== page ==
If you’re a fan of wearable computing then it won’t have escaped your notice that Sony’s new Smartwatch has arrived recently. How does it measure up? Let’s take a quick look at 4 things everyone should know about this watch:
1. It runs Android Wear
No more going it alone with a special version of Android; Sony joins Motorola, LG, etc. with Google’s latest wearable operating system. That’s good news for developers because it means that a standard platform is emerging for delivering UX on smartwatches.
There are some very minor tweaks to Android Wear but these are to deliver the custom watch faces and not major changes to applications etc.
2. It’s always on
This doesn’t mean that the watch is a battery hungry beast. The trans-reflective nature of the screen allows you to skip the backlighting and see the display under ordinary lighting conditions. It’s a bit like the e-ink concept but without being an e-ink screen.
3. The battery’s awesome
Given that the majority of smartwatches struggle to make it through the day without needing a charge; it’s nice to see that Sony has managed to deliver a product that you can actually wear to work. Their official rating for the battery is that it should last for 48 hours but reports from a range of users show that 72 hours is a reasonable expectation from the device when it’s new.
It also doesn’t take too long to charge (about 1 hour). You will also be relieved to know that there’s no proprietary cabling system for the charger either – just plug a USB cable in it and walk away.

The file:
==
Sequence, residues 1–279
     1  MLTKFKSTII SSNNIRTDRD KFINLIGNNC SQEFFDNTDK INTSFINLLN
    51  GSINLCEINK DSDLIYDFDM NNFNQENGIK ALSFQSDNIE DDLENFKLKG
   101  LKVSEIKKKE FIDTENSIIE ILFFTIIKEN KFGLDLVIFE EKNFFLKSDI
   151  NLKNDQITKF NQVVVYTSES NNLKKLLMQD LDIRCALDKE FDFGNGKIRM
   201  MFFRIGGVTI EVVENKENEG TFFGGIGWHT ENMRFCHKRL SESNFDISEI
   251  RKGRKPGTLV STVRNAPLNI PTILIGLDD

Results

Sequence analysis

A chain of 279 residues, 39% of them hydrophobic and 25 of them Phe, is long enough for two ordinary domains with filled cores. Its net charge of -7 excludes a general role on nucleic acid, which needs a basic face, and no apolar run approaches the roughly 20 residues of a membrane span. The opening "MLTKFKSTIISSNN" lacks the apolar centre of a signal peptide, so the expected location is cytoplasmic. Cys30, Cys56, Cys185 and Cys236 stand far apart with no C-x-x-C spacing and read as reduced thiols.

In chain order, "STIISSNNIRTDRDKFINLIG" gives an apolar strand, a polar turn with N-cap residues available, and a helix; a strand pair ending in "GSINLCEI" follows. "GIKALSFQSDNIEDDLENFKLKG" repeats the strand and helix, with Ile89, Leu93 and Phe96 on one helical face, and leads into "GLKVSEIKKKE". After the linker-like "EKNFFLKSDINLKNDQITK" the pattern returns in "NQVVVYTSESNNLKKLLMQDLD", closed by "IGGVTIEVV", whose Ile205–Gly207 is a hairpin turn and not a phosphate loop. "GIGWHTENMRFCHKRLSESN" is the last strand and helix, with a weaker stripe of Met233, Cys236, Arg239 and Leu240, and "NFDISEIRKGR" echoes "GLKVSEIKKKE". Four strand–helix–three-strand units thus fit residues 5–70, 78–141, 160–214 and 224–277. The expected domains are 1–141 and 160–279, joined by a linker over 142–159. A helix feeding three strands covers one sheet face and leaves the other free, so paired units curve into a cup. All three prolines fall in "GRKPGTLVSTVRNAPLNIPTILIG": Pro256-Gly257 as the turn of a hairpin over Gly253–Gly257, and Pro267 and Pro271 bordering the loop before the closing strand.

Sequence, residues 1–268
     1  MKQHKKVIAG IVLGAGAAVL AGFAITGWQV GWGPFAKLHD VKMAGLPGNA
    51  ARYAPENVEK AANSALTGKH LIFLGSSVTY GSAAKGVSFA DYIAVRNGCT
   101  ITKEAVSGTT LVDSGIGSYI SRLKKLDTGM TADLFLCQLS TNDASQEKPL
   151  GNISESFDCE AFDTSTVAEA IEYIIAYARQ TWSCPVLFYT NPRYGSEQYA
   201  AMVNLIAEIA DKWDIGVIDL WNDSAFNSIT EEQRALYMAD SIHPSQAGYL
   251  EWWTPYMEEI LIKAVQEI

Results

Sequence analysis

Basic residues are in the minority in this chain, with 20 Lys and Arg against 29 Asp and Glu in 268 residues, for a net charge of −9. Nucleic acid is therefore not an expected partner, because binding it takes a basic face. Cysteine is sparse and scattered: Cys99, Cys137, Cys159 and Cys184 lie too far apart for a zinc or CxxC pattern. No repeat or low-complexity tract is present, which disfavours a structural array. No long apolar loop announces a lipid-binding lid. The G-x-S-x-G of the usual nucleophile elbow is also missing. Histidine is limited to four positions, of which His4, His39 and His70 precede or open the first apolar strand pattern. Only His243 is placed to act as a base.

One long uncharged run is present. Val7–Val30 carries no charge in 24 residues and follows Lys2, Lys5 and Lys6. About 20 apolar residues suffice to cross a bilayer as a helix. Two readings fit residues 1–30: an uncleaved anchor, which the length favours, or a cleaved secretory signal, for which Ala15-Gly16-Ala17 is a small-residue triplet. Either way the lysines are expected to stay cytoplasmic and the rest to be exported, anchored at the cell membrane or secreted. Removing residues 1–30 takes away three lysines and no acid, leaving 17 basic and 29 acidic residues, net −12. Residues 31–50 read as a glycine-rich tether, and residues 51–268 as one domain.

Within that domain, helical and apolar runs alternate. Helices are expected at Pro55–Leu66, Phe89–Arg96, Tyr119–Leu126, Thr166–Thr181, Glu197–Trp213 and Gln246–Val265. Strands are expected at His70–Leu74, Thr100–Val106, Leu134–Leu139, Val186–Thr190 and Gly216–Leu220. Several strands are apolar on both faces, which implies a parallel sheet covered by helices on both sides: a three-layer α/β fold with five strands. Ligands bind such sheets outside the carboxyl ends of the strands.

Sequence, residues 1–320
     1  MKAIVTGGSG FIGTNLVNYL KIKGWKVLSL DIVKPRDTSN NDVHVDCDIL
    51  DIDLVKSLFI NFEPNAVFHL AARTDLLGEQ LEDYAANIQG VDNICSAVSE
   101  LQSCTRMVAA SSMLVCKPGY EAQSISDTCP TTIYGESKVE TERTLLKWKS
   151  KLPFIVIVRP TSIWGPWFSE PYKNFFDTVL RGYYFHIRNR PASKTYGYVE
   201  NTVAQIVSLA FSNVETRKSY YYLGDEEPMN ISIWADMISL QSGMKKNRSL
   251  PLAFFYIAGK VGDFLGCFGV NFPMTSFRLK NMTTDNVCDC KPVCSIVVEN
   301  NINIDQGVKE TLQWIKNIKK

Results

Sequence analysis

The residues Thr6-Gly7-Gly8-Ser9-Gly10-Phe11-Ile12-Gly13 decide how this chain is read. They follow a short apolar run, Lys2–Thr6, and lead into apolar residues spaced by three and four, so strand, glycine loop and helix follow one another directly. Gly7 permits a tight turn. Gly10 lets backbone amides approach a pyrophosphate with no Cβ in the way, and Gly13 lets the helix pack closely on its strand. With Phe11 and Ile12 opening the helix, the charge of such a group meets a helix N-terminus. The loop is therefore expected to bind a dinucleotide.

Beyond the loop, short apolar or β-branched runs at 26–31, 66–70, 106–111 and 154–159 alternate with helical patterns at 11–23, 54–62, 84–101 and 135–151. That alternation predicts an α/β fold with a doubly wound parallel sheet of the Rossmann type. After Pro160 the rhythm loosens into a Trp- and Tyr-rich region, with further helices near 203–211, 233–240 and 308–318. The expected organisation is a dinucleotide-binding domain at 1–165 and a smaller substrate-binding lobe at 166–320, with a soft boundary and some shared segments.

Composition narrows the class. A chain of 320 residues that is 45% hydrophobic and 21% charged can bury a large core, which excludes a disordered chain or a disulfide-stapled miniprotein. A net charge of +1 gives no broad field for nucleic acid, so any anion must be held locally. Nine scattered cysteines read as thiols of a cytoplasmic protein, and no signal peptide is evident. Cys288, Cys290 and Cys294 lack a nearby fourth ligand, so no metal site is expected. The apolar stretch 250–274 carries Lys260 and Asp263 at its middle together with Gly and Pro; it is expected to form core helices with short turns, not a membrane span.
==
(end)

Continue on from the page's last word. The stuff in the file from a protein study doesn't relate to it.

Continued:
4. Inbuilt GPS support
We’d be more excited about this functionality if there was a wide variety of smartwatch apps ready to take advantage of the feature. It’s all well and good that your watch knows where it is but you have to be able to use the data to make that matter. We expect that over the coming years this feature will become more interesting to developers and enhance the user experience over all. Today, it’s not really that big a deal.
That GPS support seems to come at a price though. There’s no heart rate monitor on this watch and we tend to think that’s a bit of a glaring omission. We know that Samsung had problems with theirs but that’s no excuse for giving up. Surely the point of a wearable like a watch is at least partly in the health monitoring capabilities it can offer?
As with all watches the first criteria for purchase is going to be; “what does it look like?” We think the Sony’s OK but the screen’s a bit bulky for something we’d want to wear every day. That’s not the end of the world and really a matter of personal taste.
Otherwise it’s a mid-priced high-featured watch which offers great battery life and flexible use. The only thing that lets it down is the lack of a heart rate monitor.